When John Kerby, Britain's old-Etonian director of the European Bank for Reconstruction and Development, received a document in October from Whitehall asking him to support a loan for the purchase of Romania's steel industry, he thought it no more than routine.
The briefing note, drafted by officials at the Department of International Development where Mr Kerby himself served as a senior civil servant, said Britain should support the granting of a £70m loan to the buyer of a rundown Romanian steelworks because "the project was a good project".
Four days later at a meeting of the EBRD's 23 directors, Mr Kerby voted alongside his colleagues to support the loan to help sell Romania's state-owned Sidex steelworks to Lakshmi Mittal. Little did he know that the "routine" instruction from officials working for Clare Short, the Secretary of State for International Development, would embroil him in a scandal involving the relationship between a Labour Party donor and the Prime Minister.
At the meeting where Mr Mittal's loan was agreed, Mr Kerby joined other national representatives in discussing the need to privatise Romania's ailing steel company and to sell it to a buyer who would inject the funds needed to guarantee its future.
Mr Mittal, an Indian steel billionaire with homes throughout the world, was already known to the bank after it granted him a $150m (£105m) loan to buy Kazakhstan's steel works in 1996. The bank was told Mr Mittal was meeting his schedule of repayments on the loan and was investing according to the deal's terms in the Kazakhstan plant.
The Romanian deal was said to be similar in aim and structure, although the bank was told that Mr Mittal did not yet have the cash or backing from commercial banks to pay the full $400m (£280m) required in the contract over time.
He needed the EBRD loan to pay a $50m (£35m) deposit to the Romanian government and begin pumping money into the outdated plant. The contract said he would have to pay a further $351m (£245m) over the next five years and ensure that staff levels were not reduced below those at privatisation.
In the hour-long debate, America formally registered its objection to the loan, while directors from other nations expressed reservations about an overcapacity of steel production that could lead to a loss of jobs in other steel-producing countries. Officials at the European Bank, in London, had already rigorously checked Mr Mittal's financial record to ensure that he could repay the money.
What the EBRD would have been aware of was that Mr Mittal's London-based company, ISPAT International, had seen its credit rating slip steadily over the years to below investment grade. The company, registered in the Dutch Antilles, had seen its official credit rating by Standard & Poors slip from BB to BB- to B+ at the time the loan was approved.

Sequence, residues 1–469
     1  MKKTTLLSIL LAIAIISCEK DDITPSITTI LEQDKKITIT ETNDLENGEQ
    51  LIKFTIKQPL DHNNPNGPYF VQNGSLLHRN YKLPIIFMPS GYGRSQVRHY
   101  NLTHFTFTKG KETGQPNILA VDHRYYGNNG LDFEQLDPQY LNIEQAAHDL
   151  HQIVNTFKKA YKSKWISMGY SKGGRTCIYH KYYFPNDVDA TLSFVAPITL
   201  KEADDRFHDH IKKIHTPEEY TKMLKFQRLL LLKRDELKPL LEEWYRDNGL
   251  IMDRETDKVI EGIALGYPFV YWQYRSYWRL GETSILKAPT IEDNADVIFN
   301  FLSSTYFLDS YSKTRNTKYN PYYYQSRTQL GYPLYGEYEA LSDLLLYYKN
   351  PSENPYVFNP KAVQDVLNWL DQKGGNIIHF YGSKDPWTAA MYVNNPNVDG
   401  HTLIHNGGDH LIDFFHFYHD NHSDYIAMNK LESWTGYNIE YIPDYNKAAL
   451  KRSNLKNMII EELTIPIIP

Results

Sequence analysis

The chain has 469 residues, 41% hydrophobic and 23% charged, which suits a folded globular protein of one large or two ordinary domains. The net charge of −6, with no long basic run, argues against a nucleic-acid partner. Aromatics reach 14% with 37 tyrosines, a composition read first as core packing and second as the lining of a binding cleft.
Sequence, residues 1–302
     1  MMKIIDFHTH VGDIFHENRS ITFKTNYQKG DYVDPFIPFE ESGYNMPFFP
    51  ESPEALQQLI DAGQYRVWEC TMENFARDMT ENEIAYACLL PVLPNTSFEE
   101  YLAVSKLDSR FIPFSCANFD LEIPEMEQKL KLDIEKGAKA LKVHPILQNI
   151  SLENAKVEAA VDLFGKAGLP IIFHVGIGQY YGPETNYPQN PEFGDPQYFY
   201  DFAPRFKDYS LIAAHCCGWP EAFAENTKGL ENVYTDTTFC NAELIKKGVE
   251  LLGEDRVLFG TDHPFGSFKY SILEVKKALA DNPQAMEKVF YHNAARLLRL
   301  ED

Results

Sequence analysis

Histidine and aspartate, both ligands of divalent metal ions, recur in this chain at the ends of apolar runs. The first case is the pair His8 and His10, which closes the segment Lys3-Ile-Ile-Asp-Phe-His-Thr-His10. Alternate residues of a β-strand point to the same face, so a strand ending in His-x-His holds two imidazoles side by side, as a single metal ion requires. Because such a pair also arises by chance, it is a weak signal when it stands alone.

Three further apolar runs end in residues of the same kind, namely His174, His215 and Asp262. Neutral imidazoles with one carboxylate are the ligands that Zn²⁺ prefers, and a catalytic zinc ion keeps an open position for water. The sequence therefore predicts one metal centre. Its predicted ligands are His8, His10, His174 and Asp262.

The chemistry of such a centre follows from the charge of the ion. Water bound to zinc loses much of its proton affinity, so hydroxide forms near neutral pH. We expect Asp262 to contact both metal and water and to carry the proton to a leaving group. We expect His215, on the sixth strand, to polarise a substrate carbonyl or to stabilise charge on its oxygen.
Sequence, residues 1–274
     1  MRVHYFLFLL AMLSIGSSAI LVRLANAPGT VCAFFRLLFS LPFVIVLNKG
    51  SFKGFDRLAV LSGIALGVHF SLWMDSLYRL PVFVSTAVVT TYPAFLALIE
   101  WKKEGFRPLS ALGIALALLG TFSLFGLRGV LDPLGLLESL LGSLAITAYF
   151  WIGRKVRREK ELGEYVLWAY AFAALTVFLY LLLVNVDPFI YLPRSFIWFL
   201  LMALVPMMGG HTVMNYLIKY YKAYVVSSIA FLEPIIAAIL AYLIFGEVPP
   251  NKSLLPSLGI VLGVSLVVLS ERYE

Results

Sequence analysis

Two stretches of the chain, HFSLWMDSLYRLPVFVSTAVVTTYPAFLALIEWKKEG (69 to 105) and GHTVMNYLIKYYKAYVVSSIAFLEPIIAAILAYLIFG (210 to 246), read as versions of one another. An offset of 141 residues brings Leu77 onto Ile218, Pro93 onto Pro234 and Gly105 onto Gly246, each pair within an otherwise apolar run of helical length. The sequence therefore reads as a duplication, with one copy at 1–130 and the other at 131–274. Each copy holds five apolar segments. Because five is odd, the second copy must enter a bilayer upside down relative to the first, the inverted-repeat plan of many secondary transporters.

But this did not turn the bank against Mr Mittal. And with the Department of International Development's instructions on his desk, Mr Kerby, a former director the department's Eastern Europe and Western Hemisphere division, knew which way he should vote.
The cash helped Mr Mittal win control of Sidex, which was also being coveted by a French competitor, just months after he had paid £125,000 to Labour Party funds. Yesterday, Downing Street was dragged into the debate about the loan and forced to deny that it had been involved in recommending that the Department of International Development back the deal.
Ms Short's department said no ministers had been involved in writing the letter of approval or the assessment of whether to back the EBRD loan. But officials at the Treasury and Department of Trade and Industry were consulted by the Department of International Development about whether to recommend the loan. The Government could not say last night whether the British embassy in Bucharest had also been asked for its opinion.
The Department of International Development's assessment was made on the basis of whether the sale of the steel works was worthwhile, and whether a loan should be granted to ensure the privatisation went through. A spokeswoman said: "What was recommended was that the project was a good project. It was routine. We always send a note to the EBRD on these things."
Tony Blair's official spokesman said: "Clare Short is particularly livid that the integrity of her people is being called into question over this."Reuse content